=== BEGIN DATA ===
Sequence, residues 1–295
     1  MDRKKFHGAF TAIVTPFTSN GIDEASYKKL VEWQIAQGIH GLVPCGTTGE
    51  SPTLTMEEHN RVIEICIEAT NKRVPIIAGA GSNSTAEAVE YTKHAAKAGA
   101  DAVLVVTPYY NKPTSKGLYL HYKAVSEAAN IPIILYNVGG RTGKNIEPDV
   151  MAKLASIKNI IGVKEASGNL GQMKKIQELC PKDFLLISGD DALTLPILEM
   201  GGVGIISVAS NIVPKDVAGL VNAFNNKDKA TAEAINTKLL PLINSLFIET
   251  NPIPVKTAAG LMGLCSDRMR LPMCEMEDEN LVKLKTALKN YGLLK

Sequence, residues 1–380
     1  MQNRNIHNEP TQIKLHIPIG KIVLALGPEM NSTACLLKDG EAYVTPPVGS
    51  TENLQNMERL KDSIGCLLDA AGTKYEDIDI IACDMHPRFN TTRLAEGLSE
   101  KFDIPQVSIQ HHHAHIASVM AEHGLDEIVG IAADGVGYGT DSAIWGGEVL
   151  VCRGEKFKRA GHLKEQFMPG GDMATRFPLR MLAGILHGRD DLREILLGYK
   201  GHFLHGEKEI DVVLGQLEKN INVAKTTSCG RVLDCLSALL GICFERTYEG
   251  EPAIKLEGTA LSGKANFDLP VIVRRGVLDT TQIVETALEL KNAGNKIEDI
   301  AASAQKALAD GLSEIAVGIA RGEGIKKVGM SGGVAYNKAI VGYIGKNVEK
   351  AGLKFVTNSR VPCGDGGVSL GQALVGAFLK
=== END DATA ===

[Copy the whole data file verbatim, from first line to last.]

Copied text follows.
Sequence, residues 1–295
     1  MDRKKFHGAF TAIVTPFTSN GIDEASYKKL VEWQIAQGIH GLVPCGTTGE
    51  SPTLTMEEHN RVIEICIEAT NKRVPIIAGA GSNSTAEAVE YTKHAAKAGA
   101  DAVLVVTPYY NKPTSKGLYL HYKAVSEAAN IPIILYNVGG RTGKNIEPDV
   151  MAKLASIKNI IGVKEASGNL GQMKKIQELC PKDFLLISGD DALTLPILEM
   201  GGVGIISVAS NIVPKDVAGL VNAFNNKDKA TAEAINTKLL PLINSLFIET
   251  NPIPVKTAAG LMGLCSDRMR LPMCEMEDEN LVKLKTALKN YGLLK

Sequence, residues 1–380
     1  MQNRNIHNEP TQIKLHIPIG KIVLALGPEM NSTACLLKDG EAYVTPPVGS
    51  TENLQNMERL KDSIGCLLDA AGTKYEDIDI IACDMHPRFN TTRLAEGLSE
   101  KFDIPQVSIQ HHHAHIASVM AEHGLDEIVG IAADGVGYGT DSAIWGGEVL
   151  VCRGEKFKRA GHLKEQFMPG GDMATRFPLR MLAGILHGRD DLREILLGYK
   201  GHFLHGEKEI DVVLGQLEKN INVAKTTSCG RVLDCLSALL GICFERTYEG
   251  EPAIKLEGTA LSGKANFDLP VIVRRGVLDT TQIVETALEL KNAGNKIEDI
   301  AASAQKALAD GLSEIAVGIA RGEGIKKVGM SGGVAYNKAI VGYIGKNVEK
   351  AGLKFVTNSR VPCGDGGVSL GQALVGAFLK